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Before Voters Get The Chance To Decide On ‘Em, A Wolf Pack May Have Already Moved Into Colorado


For the first time in decades, wildlife officials have found evidence of a wolf pack living in Colorado. Mike Porras, with Colorado Parks and Wildlife, said his agency has heard rumors of packs for years. But last October, a group of hunters filed an eye-witness account of six wolves in the wilderness near the borders of Wyoming and Utah.

They even had a video of two of the creatures darting through the sagebrush. While Porras called it “obviously very convincing,” he can’t give an iron-clad identification without more evidence, like a DNA test.

But he can say that this is a “credible” report of a wolf pack and the first-ever one in recent history. It was followed by the discovery of an elk carcass in the same area. It was nearly picked clean — something wolves are known for — and surrounded by what were likely wolf pawprints.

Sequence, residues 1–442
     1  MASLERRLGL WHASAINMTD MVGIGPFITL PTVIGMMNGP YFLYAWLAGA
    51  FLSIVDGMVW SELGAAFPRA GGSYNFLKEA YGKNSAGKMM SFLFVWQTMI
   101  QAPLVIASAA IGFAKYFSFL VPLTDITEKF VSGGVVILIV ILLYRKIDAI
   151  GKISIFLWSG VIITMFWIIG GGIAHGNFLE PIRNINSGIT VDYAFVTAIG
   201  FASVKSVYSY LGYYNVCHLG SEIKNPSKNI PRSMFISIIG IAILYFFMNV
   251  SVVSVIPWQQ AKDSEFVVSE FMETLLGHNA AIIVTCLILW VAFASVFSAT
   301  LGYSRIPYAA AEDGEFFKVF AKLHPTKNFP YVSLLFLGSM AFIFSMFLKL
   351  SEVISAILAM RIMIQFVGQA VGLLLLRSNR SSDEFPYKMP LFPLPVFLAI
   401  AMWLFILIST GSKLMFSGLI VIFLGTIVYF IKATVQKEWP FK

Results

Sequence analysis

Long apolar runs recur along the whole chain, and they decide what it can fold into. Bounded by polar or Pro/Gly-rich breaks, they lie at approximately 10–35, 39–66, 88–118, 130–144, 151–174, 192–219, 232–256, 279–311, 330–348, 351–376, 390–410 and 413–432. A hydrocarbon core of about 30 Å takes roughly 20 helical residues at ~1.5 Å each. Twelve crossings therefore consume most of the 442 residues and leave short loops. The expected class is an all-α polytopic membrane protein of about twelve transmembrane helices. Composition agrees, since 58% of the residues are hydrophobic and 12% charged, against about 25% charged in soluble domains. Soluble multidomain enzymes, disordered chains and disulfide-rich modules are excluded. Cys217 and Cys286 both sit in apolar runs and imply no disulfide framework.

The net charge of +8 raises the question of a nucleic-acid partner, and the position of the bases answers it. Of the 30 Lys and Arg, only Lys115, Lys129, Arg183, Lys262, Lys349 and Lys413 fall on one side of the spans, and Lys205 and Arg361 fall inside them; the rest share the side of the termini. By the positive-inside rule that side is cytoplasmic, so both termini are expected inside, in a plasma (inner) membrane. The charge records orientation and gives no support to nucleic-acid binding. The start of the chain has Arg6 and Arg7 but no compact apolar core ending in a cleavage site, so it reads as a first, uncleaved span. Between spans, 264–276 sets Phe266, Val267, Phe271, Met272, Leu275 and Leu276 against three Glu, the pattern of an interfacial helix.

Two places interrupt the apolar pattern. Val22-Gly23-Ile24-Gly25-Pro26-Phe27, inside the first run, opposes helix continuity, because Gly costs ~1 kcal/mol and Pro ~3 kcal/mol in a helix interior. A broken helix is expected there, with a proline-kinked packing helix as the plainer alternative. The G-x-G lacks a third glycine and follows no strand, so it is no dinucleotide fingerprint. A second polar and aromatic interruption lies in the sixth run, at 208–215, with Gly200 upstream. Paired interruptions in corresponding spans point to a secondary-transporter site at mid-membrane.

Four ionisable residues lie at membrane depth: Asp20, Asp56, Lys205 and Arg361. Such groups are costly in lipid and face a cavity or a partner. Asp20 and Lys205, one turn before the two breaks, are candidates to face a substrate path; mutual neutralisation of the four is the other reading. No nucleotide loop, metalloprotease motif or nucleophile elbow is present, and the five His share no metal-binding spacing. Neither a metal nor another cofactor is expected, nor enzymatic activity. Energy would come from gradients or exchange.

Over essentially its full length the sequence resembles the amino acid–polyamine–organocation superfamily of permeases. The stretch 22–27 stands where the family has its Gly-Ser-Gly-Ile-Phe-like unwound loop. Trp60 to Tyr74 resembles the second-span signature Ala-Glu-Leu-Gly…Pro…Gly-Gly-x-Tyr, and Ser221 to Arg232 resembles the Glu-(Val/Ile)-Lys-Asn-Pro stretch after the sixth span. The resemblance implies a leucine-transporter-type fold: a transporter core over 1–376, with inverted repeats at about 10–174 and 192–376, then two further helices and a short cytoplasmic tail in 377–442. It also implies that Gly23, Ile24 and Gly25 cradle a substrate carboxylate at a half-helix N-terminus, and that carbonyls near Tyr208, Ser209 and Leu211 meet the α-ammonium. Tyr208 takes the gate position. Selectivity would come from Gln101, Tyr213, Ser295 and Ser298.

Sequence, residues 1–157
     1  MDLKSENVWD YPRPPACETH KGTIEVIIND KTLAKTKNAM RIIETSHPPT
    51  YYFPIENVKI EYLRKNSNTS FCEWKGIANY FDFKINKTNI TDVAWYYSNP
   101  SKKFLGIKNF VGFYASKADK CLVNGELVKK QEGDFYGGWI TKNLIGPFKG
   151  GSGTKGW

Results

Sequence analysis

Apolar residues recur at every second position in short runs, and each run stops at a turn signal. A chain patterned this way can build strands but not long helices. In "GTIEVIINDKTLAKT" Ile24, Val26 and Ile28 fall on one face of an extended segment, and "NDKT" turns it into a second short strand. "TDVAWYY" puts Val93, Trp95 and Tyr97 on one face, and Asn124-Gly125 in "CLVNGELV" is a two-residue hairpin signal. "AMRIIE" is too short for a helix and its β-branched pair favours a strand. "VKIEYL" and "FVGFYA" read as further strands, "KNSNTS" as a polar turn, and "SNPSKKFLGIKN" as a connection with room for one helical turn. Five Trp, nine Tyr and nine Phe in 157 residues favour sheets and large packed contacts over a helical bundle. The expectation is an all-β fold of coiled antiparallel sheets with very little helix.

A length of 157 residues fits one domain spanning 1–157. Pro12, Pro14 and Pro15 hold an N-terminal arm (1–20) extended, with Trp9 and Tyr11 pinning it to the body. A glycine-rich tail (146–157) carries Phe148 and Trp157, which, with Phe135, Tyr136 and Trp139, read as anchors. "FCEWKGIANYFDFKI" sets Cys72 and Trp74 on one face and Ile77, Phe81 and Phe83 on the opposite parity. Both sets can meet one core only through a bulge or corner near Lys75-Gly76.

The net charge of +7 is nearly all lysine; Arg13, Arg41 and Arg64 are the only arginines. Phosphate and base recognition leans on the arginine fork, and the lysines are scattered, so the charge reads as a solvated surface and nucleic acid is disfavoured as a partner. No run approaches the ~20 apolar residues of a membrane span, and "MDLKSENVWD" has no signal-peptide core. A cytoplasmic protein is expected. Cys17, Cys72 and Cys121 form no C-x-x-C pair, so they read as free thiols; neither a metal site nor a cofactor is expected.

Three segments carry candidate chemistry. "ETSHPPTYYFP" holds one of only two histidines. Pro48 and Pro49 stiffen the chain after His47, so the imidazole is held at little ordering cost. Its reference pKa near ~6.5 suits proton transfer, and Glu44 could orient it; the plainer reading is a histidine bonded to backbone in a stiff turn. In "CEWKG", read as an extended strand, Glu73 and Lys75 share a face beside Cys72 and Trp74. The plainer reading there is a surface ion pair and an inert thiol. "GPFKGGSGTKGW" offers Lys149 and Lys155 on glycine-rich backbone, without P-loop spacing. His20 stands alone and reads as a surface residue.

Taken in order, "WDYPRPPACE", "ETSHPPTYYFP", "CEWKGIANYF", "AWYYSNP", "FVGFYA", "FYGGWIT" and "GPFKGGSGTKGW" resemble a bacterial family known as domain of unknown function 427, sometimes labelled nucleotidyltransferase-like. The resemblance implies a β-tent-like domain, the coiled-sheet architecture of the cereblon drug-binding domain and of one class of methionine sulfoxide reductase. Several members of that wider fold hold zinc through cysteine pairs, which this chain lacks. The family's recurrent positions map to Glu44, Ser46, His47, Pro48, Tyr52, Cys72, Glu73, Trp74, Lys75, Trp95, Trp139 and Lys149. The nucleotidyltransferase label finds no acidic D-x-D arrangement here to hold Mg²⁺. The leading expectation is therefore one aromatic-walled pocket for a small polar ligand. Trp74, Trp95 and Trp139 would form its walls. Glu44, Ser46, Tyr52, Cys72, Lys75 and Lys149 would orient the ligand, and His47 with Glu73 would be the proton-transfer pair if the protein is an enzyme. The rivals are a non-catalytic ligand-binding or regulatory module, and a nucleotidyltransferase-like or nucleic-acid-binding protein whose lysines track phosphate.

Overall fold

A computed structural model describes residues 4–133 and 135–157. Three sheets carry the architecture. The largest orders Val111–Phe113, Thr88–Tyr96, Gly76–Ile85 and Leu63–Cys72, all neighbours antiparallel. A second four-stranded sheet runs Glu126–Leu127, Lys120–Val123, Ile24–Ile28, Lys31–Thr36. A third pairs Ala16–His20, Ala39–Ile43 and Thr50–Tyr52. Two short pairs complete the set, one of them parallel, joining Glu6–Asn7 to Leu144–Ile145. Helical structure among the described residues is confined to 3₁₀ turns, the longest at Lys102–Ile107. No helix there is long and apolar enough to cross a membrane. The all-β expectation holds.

“All those things put together led our officers, our wildlife managers to the conclusion that the most logical explanation is that there is a group of wolves living in northwest Colorado,” Porras said.

Wolves used to live in Colorado until humans killed and forced the last ones out sometime in the 1940s. Since then, there have been some credible but isolated “lone wolf” sightings, but that was it, until now.

“There are several states surrounding or near Colorado that have wolf populations,” Porras said. “Probably, that’s where they’re coming from.”

Soon, Colorado could be the next state to approve wolf-reintroduction. Just this week, the state announced that the question will be on the November ballot.

While Colorado Parks and Wildlife has said it will be neutral on the measure, it has opposed reintroduction efforts in the past.

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